[all][tc] Dropping lower-constraints testing from all projects
gmann at ghanshyammann.com
Mon Jan 11 22:00:54 UTC 2021
---- On Fri, 08 Jan 2021 09:21:51 -0600 Brian Rosmaita <rosmaita.fossdev at gmail.com> wrote ----
> On 1/6/21 12:59 PM, Ghanshyam Mann wrote:
> > Hello Everyone,
> > You might have seen the discussion around dropping the lower constraints
> > testing as it becomes more challenging than the current value of doing it.
> I think the TC needs to discuss this explicitly (at a meeting or two,
> not just on the ML) and give the projects some guidance. I agree that
> there's little point in maintaining the l-c if they're not actually
> useful to anyone in their current state, but if their helpfulness (or
> potential helpfulness) outweighs the maintenance burden, then we should
> keep them. (How's that for a profound statement?)
Yes, that is the plan. This ML thread is to get initial feedback and then discuss
I have added this to the next TC meeting on the 14th Jan agenda.
> Maybe someone can point me to where I can RTFM to get a clearer picture,
> but my admittedly vague idea of what the l-c are for is that it has
> something to do with making packaging easier. If that's the case, it
> would be good for the TC to reach out to some openstack
> packagers/distributors to find outline how they use l-c (if at all) and
> what changes could be done to make them actually useful, and then we can
> re-assess the maintenance burden.
> This whole experience with the new pip resolver has been painful, I
> think, because it hit all projects and all branches at once. My
> experience, however, is that if I'd been updating the minimum versions
> for all the cinder deliverables in their requirements.txt and l-c.txt
> files every cycle to reflect a pip freeze at Milestone-3 it would have
> been a lot easier.
> What do other projects do about this? In Cinder, we've just been
> updating the requirements on-demand, not proactively, and as a result
> for some dependencies we claimed that foo>=0.9.0 is OK -- but except for
> unit tests in the l-c job, cinder deliverables haven't been using
> anything other than foo>=16.0 since rocky. So in master, I took
> advantage of having to revise requirements and l-c to make some major
> jumps in minimum versions. And I'm thinking of doing a pip-freeze
> requirements.txt minimum version update from now on at M-3 each cycle,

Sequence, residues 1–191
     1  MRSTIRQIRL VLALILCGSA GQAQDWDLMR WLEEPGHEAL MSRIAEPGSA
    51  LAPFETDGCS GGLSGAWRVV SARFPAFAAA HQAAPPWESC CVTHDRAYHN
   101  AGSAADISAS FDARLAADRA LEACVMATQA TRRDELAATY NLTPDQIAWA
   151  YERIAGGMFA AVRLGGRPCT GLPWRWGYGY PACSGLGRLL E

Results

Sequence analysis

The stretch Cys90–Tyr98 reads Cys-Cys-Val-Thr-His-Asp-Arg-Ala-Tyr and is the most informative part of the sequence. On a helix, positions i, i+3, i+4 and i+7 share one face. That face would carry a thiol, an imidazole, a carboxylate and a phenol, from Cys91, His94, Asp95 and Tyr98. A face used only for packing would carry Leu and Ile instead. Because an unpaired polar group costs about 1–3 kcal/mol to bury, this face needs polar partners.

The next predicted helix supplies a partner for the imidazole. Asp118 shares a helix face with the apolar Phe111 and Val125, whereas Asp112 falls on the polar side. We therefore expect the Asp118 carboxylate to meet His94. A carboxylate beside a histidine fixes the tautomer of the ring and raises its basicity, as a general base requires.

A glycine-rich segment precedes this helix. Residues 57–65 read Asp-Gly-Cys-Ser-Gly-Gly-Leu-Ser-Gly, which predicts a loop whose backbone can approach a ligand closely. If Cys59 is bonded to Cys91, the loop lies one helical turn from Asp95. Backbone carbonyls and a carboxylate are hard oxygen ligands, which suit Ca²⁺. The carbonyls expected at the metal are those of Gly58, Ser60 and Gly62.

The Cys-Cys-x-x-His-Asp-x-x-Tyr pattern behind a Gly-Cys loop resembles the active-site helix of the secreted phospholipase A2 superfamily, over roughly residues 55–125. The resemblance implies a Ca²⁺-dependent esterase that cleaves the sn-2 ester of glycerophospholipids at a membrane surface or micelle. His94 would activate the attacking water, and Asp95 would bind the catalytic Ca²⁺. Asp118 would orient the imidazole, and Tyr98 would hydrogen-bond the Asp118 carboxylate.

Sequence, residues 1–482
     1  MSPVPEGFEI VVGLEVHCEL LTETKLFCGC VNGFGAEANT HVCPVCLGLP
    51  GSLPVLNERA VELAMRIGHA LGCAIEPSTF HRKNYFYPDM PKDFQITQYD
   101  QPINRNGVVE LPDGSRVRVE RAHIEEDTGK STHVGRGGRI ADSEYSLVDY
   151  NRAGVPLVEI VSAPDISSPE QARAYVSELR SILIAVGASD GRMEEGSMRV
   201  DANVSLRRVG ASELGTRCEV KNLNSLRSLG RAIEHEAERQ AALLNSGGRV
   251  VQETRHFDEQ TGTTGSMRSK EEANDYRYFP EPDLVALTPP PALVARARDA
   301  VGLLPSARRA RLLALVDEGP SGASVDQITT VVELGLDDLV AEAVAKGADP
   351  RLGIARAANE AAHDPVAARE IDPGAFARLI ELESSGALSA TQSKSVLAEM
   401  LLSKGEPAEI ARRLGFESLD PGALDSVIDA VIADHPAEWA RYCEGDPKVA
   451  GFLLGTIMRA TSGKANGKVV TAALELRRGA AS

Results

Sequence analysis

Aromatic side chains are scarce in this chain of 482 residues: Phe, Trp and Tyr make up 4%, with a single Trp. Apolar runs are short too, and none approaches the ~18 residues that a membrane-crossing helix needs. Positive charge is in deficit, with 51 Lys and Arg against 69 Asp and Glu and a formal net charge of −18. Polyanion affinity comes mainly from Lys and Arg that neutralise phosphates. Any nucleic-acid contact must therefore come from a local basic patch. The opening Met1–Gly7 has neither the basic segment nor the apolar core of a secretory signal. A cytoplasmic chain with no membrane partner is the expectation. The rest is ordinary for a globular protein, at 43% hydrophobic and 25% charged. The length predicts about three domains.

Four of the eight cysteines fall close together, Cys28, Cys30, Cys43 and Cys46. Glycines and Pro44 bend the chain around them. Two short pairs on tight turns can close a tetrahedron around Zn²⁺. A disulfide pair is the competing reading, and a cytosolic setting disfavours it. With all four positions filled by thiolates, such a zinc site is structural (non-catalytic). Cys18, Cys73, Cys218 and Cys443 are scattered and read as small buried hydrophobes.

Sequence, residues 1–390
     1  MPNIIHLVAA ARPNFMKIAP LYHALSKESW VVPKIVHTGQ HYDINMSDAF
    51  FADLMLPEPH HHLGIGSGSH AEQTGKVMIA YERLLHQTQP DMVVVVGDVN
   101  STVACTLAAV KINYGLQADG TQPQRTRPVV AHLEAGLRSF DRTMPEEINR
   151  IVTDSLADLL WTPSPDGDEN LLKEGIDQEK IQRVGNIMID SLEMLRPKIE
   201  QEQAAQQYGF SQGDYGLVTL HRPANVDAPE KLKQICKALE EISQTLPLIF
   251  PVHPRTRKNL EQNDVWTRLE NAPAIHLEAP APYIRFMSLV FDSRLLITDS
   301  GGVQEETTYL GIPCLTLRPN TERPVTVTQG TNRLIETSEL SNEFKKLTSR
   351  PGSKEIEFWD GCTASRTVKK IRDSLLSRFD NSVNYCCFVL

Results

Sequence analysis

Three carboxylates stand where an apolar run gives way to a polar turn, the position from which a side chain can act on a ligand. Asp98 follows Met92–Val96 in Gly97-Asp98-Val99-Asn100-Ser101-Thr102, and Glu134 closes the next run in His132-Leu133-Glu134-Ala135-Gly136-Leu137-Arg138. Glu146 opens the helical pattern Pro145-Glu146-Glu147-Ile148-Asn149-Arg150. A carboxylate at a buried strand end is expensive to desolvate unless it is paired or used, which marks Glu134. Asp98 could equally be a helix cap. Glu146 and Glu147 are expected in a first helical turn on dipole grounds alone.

> which will force me to make an l-c.txt update too. (Maybe I was
> supposed to be doing that all along? Or maybe it's a bad idea? I could
> use some guidance here.)
> It would be good for the l-c to reflect reality, but on the other hand,
> updating the minimum versions in requirements.txt (and hence in l-c) too
> aggressively probably won't help packagers at all. (Or maybe it will, I
> don't know.) On the other hand, having the l-c is useful from the
> standpoint of letting you know when your minimum acceptable version in
> requirements.txt will break your unit tests. But if we're updating the
> minimum versions of dependencies every cycle to known good minimum
> versions, an l-c failure is going to be pretty rare, so maybe it's not
> worth the trouble of maintaining the l-c.txt and CI job.
> One other thing: if we do keep l-c, we need to have some guidance about
> what's actually supposed to be in there. (Or I need to RTFM.) I've
> noticed that as we've added new dependencies to cinder, we've included
> the dependency in l-c.txt, but not its indirect dependencies. I guess
> we should have been adding the indirect dependencies all along, too?
> (Spoiler alert: we haven't.)
> This email has gotten too long, so I will shut up now.
> > Few of the ML thread around this discussion:
> > - http://lists.openstack.org/pipermail/openstack-discuss/2020-December/019521.html
> > - http://lists.openstack.org/pipermail/openstack-discuss/2020-December/019390.html
> > As Oslo and many other project dropping or already dropped it, we should decide it for all
> > other projects also otherwise it can be more changing than it is currently.
> > We have not defined it in PTI or testing runtime so it is always up to projects if they still
> > want to keep it but we should decide a general recommendation here.
> > -gmann
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